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The importance of building a data governance framework 

TNT’s Head of Data Governance Anwar Mirza

The importance of building a data governance framework

Written by Corinium on Mar 18, 2019 10:18:09 AM

Big Data Insights

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It’s not often these days that you hear about senior professionals that have been at one company for over three decades, but Anwar Mirza, Global Head of Data Governance at TNT, is one of them. What makes his loyalty to the company more impressive is the way that he has transitioned from a Finance role, to working on Financial Systems where he spent more than 10 years and now onto the third discipline being DATA. It was the implementation of SAP that led him to realise the importance of Data, the role it plays in process and application design and of course, innovation.

Being exposed to internal and external Financial processes, cross-functional processes and Financial systems, as well as how data is created and consumed over a number of years, has helped Mirza to develop an independent Data Governance framework – which he started working on since 2007. “The (Enterprise-wide) Data Governance Framework is quite extensive and its alignment to strategy is essential.” he explains. Mirza was one of the keynote speakers at Corinium’s Chief Data, Analytics Officers & Influencers UK (CDAOIUK) conference held at the Millennium Gloucester Hotel in Kensington, London, where he outlined his thoughts on data governance and data-driven innovations.

He tells Corinium after the conference that his approach also includes the use of activity-based costing to put a value on poor quality data. “It’s quite unique but people are interested in this because they want to use this approach to justify the investment and get buy-in for the launch of their own Data programs. This shouldn’t always be necessary because many aspects of Data Management are a business imperative,” he says. “Companies are striving and growing based on their Data Strategies, but you need a tangible value for the impact that Data has. This framework, approach and methodology does that” he adds.


As well as having a Data Governance framework and a data valuation approach, organisations must consider introducing Data Processes as services which are operated and supported by a single Helpdesk function. “Why are Helpdesks only the realm of IT? I don’t understand why Business Processes and Data are not wholly integrated if we are to give a truly excellent service. It’s the only way to ensure that People’s roles, the process they conduct, using the Technology they have, creates and consumes Data…… properly”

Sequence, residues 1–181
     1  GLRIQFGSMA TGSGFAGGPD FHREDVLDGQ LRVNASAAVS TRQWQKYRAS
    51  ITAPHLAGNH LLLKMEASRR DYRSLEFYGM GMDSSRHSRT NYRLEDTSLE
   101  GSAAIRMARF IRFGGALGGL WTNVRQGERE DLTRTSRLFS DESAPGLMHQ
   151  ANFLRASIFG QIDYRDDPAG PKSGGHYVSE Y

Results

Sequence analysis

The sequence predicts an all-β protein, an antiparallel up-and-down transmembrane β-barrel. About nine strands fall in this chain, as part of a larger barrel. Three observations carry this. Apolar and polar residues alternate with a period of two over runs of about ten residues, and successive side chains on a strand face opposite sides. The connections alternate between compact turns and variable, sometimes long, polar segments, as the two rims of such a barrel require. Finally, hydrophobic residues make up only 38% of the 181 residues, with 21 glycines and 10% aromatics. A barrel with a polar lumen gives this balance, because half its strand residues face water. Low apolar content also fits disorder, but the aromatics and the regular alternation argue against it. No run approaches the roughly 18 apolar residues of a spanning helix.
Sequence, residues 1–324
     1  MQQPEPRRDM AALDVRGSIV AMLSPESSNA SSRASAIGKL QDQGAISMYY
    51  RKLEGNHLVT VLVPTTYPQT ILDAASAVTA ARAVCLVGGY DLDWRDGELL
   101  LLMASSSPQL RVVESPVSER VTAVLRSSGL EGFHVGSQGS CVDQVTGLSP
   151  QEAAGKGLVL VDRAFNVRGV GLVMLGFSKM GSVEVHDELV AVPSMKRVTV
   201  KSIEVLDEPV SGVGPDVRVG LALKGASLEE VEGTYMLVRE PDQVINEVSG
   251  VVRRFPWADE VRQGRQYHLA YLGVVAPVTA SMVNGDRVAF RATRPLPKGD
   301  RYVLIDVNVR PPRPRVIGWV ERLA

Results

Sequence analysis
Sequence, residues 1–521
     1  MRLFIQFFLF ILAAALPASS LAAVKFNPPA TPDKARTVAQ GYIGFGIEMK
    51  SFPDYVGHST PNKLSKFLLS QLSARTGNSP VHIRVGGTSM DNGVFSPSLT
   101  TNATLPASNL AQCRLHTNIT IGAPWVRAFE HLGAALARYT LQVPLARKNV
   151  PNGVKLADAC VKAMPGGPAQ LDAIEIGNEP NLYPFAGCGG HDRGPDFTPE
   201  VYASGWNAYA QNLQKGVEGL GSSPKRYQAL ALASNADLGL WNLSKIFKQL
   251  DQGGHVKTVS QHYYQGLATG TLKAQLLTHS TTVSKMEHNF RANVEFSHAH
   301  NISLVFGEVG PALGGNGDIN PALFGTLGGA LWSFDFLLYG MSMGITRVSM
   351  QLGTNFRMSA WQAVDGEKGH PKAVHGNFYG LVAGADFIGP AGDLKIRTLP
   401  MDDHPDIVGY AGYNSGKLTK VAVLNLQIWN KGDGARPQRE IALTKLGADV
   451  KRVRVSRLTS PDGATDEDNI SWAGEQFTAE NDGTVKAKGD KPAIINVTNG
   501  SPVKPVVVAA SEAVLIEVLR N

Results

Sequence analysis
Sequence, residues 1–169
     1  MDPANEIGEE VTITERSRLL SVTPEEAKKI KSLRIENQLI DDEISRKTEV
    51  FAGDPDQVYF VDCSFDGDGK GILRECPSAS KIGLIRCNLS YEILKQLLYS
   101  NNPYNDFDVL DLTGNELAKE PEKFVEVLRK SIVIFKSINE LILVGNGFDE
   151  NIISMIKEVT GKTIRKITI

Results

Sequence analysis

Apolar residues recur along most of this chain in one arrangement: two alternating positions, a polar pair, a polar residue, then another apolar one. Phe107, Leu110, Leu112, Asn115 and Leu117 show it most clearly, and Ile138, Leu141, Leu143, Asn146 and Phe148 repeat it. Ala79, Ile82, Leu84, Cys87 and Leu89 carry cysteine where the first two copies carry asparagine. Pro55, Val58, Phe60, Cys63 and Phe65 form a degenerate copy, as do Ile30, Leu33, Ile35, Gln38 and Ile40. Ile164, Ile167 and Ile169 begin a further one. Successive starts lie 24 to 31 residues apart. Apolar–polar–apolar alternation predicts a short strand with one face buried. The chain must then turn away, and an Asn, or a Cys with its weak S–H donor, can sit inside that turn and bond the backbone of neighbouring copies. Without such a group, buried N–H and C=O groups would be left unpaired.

The framework recommends Data Governance in multi-dimensional modes and considers data assets, the technology, internal disciplines, controls, enablers and partners together in a logical manner. Mirza, who speakers frequently at events across the world, says that the framework must be explained to different audiences in different ways to make them understand how the framework will benefit them.


“If we speak to a community where a vendor hierarchy is important, our Data Governance Framework should be adapted and scaled down to the essential components in the first instance. We must place emphasis on things such as Data Architecture in order to engage the audience and then ensure that the full Framework is explained at a later stage.”
A common way to engage audiences is through Data Analytics. Mirza suggests that because most departments perform some form of analytics within their function, they are most likely to engage through this avenue. “Explaining the Framework with their main pain-points at the heart of the solution often helps.”

The customised approach to explaining the Data Governance framework is not ideal and only goes to show that the level of Data Awareness and Literacy in organisations is very weak or fragmented. Mirza says that the subject of Data Literacy needs to be addressed urgently if companies want to avoid inefficiency. Mirza opens the offer to larger organisations to collaborate with him to develop the concept and approach to global organisational Data Literacy. We should target Data Literacy to three levels i.e. General awareness, education and detailed training which can be supplemented with externally available courses that are software specific.

Mirza always closes his keynotes with an offer to collaborate and develop key concepts with individuals and organisations. “It’s always a pleasure to meet like-minded professionals at Corinium’s events globally – they are often at the top of their game”


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